In CSR in different contexts, the idea of “think globally, act locally” or “think global, act local” recognises that most relevant CSR issues are presented as dilemmas rather than as easy choices to make, and that such dilemmas must be properly managed and averted if business is to be conducted in a responsible and sustainable way. Kemp (2001) has argued that this has implications for social and political rights and responsibilities, and that business ethics are integral to political democracy and economic stability, both of which are promoted by good corporate governance (Rousseau et al. 2008). That said, socio-political issues are generally more prevalent in the advent of new governments, and that technology companies have played a significant role both in supporting and constraining pro-democracy movements in recent times (Crane et al., 2013), thus leading to national drivers of political reform. Cultural tradition is seen as a national driver of CSR since CSR is often derived from “deep-rooted indigenous cultural traditions of philanthropy, business ethics and community embeddedness” (Visser, 2008, p.481).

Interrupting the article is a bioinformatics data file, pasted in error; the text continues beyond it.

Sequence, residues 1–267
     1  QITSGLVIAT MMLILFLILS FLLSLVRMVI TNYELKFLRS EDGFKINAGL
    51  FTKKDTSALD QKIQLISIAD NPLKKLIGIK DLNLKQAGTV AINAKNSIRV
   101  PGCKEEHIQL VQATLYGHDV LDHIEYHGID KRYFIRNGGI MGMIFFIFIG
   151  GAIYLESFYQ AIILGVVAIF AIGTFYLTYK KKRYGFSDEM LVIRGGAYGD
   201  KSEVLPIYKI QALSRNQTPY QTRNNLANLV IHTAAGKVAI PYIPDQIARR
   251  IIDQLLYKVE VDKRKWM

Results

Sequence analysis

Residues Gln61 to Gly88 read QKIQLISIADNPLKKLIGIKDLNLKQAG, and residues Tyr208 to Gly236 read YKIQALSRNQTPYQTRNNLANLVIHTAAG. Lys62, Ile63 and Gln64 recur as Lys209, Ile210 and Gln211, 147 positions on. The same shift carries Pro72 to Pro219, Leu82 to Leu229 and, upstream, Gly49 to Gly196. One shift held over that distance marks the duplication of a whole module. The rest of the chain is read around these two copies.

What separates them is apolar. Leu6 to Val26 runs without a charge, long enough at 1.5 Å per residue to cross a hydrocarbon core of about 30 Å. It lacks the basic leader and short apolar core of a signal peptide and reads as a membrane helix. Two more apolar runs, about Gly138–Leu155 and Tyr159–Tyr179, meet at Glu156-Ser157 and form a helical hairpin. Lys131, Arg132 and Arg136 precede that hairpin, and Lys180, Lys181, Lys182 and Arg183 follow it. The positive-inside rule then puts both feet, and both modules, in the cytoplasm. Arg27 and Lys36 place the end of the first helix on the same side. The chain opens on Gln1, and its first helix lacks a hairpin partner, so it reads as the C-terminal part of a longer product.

The glocal responsibilities are located in the second tier of the International Pyramid model of CSR, representing the obligation of corporate decision makers to engage in actions which protect and improve the environmental conditions of society as a whole, whilst also acknowledging socio-cultural aspects, users of technology, and the nature of political rights. This imperative stresses that company decisions should not only be made with reference to financial factors such as profits or dividends, but also by considering social and environmental consequences, and the potential for long-term support technology transfer to help in building physical and institutional infrastructure. In this model, we include technology responsibilities in order to identify how the technology sector can best give back to society. A study conducted by Lorenzo et al. (2009) states that the fact of belonging to the technology and telecommunications sector has a positive but not significant influence on the dissemination of CSR activities in the community. In addition, the movement of a company has a high social impact when it operates in Information and Communications Technology (ICT) (Luna Sotorrío and Fernández Sánchez, 2010). Companies located in technology parks are more innovative and their work is directly related to two of the three dimensions of CSR “economic and social community”. They can generate a network of co-operation between technology companies, which can increase the ability to attract, retain and motivate staff and access to new knowledge and information, which could increase companies’ performance and competitiveness (Hernández and Sánchez, 2012). Green information technology (IT) also known as an environmental technology, helps society to reduce the consumption of energy while others help in recycling, waste management, water purification, renewable energy, and sewage treatment. Thus, it is possible to use the technology sector’s greatest ability to address a common weakness of social sector organisations. For example, Asian countries’ websites are still not widely used for business communications, because the IT facilities remain in the introductory stage and internet usage is low (Chapple and Moon, 2005; Rotchanakitumnuai and Speece, 2003), but at the same time there is a global movement towards the standardisation of CSR initiatives (Edmondson and Carroll 1999; Burton et al., 2000; Visser, 2008), which has led to great change in the world, characterised by diverse demographic dynamics and political developments. For instance, the Egyptian revolution of the Arab Spring, was widely lauded as the first wave of “Facebook revolutions” and one of its more prominent and influential decision-makers was a Google executive (Smith, 2012). At the same time, studies have suggested that companies continue to exercise political pressure by affecting regulatory changes in relation to social and environmental issues (McWilliams et al., 2002; Child and Tsai, 2005; den Hond et al., 2014), as political issues and CSR are increasingly intertwined. A further study by Ungericht and Hirt (2010) argues that the political role of CSR has emerged due to globalisation and the ‘responsibility vacuum’ created, while Whelan (2012) argues that “political” CSR should be conceived as one potential form of globalisation, and not as a consequence of globalisation. It would appear that how managers conceptualise the relationship between political and social/environmental issues, or ponder on how to use the effectiveness of business processes is important, as it may lead to a richer understanding of the actual political influence of companies, the companies’ role within global governance or the natural resources and effectiveness of new hybrid forms of social and environmental regulations.